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Prioritising recommendations for rare disease progress across Northern Ireland

Image showing a workflow proposing an expert centre for rare disease in 2020

Rare diseases are a major public health concern, cumulatively affecting ~6% of the population.  In 2013, the UK strategy for rare disease was published[1] followed by the Northern Ireland rare disease implementation plan (NIRDIP) in 2015[2].  In response to priority actions identified within the Northern Ireland Rare Disease Implementation Plan, three complementary (confidential) commissioned reports were submitted to the Northern Ireland Rare Disease Implementation Group (January 2020) describing recommendations for action.

This report describes outcomes from a focused, knowledge exchange workshop that was held with multidisciplinary stakeholders to help prioritise existing recommendations across all three documents and generate a report to inform policy and practice for future rare disease progress.  A NI rare disease implementation / action plan is being discussed for beyond 2020, which may be informed by the outcomes of this workshop. 

Initially, individual recommendations were consolidated to minimise duplication between each report.  It was accepted that the consistently top-ranked recommendations remain the top 3 priorities for rare disease progress in NI: (1) to develop a national registration service, (2) to develop a dedicated online information hub, and (3) to develop a role to appoint a dedicated information coordinator.  Six recommendations already have work underway, so workshop participants ranked the remaining recommendations as priorities for action within the short, medium and longer term prior to workshop discussions.  This provided a framework for initial discussions during the workshop.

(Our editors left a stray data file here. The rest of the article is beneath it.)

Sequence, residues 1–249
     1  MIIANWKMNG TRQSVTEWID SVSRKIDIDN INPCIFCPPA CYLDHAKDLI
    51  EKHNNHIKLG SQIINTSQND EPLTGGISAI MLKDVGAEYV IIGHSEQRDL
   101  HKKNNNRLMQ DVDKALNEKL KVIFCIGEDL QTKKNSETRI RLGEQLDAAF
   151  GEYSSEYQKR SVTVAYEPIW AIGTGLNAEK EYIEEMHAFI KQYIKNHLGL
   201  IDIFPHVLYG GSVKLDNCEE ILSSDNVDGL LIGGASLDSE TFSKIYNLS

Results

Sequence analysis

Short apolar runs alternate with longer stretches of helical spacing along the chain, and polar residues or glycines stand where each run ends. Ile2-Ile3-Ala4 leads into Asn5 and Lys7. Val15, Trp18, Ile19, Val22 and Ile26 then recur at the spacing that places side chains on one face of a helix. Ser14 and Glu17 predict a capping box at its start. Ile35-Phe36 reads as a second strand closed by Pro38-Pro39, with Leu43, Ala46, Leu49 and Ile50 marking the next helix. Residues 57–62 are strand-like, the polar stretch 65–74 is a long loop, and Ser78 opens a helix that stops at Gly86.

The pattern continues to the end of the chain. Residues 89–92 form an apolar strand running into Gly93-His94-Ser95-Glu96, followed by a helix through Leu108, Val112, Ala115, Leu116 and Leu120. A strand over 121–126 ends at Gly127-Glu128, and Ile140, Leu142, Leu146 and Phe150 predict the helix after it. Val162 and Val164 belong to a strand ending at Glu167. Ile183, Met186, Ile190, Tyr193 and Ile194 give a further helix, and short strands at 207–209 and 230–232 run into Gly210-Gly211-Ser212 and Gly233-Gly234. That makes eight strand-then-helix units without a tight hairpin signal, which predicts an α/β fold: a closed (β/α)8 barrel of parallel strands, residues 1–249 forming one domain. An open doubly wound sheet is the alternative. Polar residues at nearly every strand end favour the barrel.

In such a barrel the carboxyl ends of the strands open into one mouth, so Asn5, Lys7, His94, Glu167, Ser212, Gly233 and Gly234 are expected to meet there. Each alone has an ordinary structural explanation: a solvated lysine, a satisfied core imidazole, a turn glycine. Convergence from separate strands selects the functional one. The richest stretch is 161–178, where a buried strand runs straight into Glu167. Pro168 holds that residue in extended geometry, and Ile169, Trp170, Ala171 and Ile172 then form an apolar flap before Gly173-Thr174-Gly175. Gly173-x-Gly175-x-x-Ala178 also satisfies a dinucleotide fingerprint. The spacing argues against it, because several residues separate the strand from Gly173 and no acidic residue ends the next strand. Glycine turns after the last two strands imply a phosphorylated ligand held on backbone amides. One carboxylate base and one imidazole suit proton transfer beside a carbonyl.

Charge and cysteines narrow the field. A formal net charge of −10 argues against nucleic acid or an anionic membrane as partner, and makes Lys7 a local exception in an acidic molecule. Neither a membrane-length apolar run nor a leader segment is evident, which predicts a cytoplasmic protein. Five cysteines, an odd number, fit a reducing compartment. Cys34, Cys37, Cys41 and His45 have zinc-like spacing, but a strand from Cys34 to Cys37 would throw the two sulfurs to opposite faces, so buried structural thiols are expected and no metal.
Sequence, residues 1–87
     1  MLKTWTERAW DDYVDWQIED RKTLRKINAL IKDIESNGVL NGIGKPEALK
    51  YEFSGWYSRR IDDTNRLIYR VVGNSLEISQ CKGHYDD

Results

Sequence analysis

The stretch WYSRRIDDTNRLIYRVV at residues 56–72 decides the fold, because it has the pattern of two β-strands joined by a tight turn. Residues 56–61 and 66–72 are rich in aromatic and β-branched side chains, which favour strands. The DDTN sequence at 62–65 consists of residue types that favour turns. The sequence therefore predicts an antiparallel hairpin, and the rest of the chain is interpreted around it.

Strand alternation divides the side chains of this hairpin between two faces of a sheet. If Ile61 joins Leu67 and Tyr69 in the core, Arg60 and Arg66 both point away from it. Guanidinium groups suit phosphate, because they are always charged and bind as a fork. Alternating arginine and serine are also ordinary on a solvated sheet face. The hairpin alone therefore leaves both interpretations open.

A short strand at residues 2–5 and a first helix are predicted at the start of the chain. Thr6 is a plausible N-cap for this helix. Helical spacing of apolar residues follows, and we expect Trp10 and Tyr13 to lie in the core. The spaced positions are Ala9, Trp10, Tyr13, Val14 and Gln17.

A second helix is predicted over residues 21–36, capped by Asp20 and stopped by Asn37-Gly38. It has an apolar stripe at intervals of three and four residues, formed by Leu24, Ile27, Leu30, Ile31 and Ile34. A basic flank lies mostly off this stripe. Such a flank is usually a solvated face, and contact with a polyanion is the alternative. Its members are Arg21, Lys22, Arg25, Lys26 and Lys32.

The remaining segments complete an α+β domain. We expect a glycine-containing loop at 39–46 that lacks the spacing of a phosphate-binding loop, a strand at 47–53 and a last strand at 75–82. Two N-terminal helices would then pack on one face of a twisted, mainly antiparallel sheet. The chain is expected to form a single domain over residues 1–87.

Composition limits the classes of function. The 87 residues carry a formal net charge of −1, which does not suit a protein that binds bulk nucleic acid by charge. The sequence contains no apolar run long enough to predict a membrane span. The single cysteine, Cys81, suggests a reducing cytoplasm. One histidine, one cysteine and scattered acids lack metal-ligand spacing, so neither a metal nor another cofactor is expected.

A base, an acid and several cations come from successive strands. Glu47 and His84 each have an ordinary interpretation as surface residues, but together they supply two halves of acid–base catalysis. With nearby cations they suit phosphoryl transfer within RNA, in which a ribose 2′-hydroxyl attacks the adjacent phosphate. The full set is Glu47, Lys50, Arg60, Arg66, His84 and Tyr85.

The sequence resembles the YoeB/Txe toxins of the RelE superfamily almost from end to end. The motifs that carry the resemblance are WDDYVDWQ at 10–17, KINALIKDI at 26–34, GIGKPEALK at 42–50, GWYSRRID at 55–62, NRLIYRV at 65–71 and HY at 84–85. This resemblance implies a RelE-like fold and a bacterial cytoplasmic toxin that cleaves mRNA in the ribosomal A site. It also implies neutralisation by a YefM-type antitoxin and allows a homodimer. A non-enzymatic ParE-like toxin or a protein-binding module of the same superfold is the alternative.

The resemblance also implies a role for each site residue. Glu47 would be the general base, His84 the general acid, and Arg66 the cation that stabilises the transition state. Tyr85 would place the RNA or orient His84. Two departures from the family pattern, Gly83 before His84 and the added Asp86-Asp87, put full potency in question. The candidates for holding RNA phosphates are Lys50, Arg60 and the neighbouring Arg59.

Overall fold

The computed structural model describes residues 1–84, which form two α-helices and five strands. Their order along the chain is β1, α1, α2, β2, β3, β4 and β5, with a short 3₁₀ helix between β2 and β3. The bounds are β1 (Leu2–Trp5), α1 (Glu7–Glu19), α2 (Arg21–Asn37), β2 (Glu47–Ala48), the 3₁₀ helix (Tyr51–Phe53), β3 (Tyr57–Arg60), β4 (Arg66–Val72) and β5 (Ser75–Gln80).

Following considerable discussion as to the best way to prioritise recommendations, workshop participants ranked 34 recommendations by focused themes with a focus on ‘registry’, ‘information and communication’, ‘training and education’, as well as a cross-cutting focus.  Prioritisation included ranking on short-, medium- and longer-term goals.  However, it was proposed that there may be a better approach to generate progress for our rare disease community. 

The final approach taken by workshop participants was to consolidate recommendations under the proposed NIRADCAR (Northern Ireland RAre Diseases & Congenital Abnormalities Registry) and information hub within a Rare Disease Centre.  Streamlined priorities with suggested deliverables have been proposed to support rare disease progress within Northern Ireland.


The full report is available here: Workshop report, May 2020 for prioritizing recommendations

This research was supported by funding from the ESRC( as reported in our earlier maximising rare disease research news item

Photo: AJ McKnight
AJ McKnight
AJ McKnight, Centre for Public Health
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